The Bank has today published data on the use of the Funding for Lending Scheme (FLS) showing, for each group participating in the FLS Extension, the net quarterly flows of lending to UK businesses and the amount borrowed from the Bank in the second quarter of 20141.
Participants in the FLS Extension are able to make drawdowns up to the end of January 2015. During the second quarter of 2014, 9 of the 36 groups participating in the FLS Extension made drawdowns of £3.2bn. Participants also repaid £0.8bn from the first stage of the FLS, taking total outstanding drawings to £45.7bn.
Net lending by FLS Extension participants to small and medium-sized enterprises (SMEs) was slightly negative in the second quarter of 2014, but at -£0.4bn was less negative than in previous quarters (Chart 1). Net lending to large companies was -£3.5bn. Net lending to all businesses, including eligible non-bank credit providers, was -£3.9bn.
During the FLS Extension, participants are able to earn additional borrowing allowances for positive net lending to businesses during the period 1 January 2014 to 31 December 2014. Lending to smaller businesses is encouraged by allowing participants to draw £5 in the Scheme for every £1 of net lending to SMEs. The firm-by-firm sectoral lending data published today show that a number of FLS Extension participants expanded their lending to SMEs in 2014 Q2. Overall, since 1 January 2014, net lending to businesses of all sizes has generated additional borrowing allowances of £4.7bn, spread across 12 participants.
As discussed in the August 2014 Inflation Report2, aggregate net lending to private non-financial corporations (PNFCs) (i.e. including lending by banks and building societies not participating in the FLS) improved in 2014 Q2. Developments continued to differ by sector, with net lending to businesses in the real estate sector remaining weak in 2014 Q2 (Chart 2).
Since the launch of the FLS, bank funding costs have fallen significantly (Chart 3) and this has resulted in an improvement in corporate credit conditions. The balance of respondents to the 2014 Q2 Deloitte CFO Survey, which covers large companies, who reported that credit is available remained high and most noted that the cost of credit was cheap. The Federation of Small Businesses’ Voice of Small Business Index reported that loan application success rates continued to increase in 2014 Q2, and that the rates offered to successful businesses have fallen back over the past year. Some of the weakness in bank lending to smaller businesses, which has persisted despite the fall in bank funding costs, may reflect weaker demand. The FLS Extension will continue to support lending to SMEs in 2014 H2.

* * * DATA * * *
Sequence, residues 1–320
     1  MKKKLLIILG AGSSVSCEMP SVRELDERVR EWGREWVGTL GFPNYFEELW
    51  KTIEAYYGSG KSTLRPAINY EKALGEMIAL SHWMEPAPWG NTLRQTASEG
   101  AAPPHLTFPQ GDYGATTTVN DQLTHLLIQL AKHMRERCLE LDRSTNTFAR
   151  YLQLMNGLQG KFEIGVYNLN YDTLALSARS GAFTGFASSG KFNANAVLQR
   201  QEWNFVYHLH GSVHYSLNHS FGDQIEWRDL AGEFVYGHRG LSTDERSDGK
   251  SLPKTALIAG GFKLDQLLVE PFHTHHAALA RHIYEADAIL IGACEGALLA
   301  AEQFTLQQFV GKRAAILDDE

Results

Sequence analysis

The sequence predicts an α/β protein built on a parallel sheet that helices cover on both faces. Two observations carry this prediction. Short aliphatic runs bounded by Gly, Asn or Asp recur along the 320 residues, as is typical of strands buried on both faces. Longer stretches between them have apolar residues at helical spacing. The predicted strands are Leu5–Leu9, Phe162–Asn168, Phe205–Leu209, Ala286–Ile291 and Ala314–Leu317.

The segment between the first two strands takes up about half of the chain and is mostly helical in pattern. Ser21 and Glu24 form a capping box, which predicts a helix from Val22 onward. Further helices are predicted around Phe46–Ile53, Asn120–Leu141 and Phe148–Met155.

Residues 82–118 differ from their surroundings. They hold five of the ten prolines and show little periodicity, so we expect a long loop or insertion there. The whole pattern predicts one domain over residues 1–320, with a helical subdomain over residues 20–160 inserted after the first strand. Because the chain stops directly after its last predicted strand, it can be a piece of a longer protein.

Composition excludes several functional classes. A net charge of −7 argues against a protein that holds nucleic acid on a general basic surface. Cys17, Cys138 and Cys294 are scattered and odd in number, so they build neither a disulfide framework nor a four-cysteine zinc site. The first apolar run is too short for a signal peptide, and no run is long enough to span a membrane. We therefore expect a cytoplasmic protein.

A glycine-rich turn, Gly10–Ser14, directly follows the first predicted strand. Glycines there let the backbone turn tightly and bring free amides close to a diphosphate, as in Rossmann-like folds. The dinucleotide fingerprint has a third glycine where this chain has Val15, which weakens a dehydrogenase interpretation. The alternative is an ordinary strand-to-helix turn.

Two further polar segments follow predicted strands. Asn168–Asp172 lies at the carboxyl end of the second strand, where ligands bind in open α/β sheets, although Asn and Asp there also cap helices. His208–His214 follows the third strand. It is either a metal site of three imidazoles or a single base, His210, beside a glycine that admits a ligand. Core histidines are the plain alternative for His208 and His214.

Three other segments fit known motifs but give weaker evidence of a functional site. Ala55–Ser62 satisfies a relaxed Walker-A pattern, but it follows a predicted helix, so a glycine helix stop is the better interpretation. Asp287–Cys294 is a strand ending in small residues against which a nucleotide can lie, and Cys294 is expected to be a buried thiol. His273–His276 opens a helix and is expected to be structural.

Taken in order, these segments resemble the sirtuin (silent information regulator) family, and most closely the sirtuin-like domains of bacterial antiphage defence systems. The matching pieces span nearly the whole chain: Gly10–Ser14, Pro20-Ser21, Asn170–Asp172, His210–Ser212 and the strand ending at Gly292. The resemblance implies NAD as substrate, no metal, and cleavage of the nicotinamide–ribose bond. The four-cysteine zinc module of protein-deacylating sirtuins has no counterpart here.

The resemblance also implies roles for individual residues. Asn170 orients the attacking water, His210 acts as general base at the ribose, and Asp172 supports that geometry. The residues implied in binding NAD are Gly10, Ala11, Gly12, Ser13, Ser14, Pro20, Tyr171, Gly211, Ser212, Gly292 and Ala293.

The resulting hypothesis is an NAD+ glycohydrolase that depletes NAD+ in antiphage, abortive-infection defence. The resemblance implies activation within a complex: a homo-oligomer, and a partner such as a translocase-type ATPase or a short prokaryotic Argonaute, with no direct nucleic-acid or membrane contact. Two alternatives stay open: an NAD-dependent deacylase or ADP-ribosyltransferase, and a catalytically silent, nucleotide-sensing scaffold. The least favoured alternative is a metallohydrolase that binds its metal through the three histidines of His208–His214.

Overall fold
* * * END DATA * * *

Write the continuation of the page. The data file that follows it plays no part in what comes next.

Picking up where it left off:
1FLS Extension usage and lending data are available at www.bankofengland.co.uk/markets/Pages/FLS/extensiondata.aspx
2Available at www.bankofengland.co.uk/publications/Documents/inflationreport/2014/ir14aug.pdf
Chart 1: Net lending to SMEs (unweighted) by FLS Extension participants(a)
Source: Bank of England.
Chart 2: Growth in the stock of lending to the UK real estate sector and other businesses(a)
Source: Bank of England.
(a) Lending by UK monetary financial institutions. The sum of lending to the real estate sector and to other businesses comprises lending to PNFCs where data for PNFCs have been estimated by subtracting elements of the industrial breakdown for non-financial businesses thought to contain mainly public sector industries (public administration and defence, education, health and social work and recreational, personal and community services). Data cover lending in sterling. Non seasonally adjusted.
(b) The real estate sector is defined as buying, selling and renting of own or leased real estate and includes real estate and related activities on a fee or contract basis. The development of buildings is included in the data prior to 2011.
(c) From January 2011, data are on the SIC 2007 basis. Changes in the SIC codes have led to some components moving between industries. As a result, growth rates in 2011 may be affected.
Chart 3: UK banks’ indicative longer-term funding spreads
Sources: Bank of England, Bloomberg, Markit Group Limited and Bank calculations.
(a) Constant-maturity unweighted average of secondary market spreads to swaps for the major UK lenders’ five-year euro senior unsecured bonds, or, where not available, a suitable proxy.
(b) Unweighted average of the five-year senior CDS premia for the major UK lenders.
(c) Sterling only, average of two and three-year spreads on retail bonds. Spreads over relevant end-month swap rates.
(d) Constant-maturity unweighted average of secondary market spreads to swaps for the major UK lenders’ five-year euro-denominated covered bonds, or, where not available, a suitable proxy.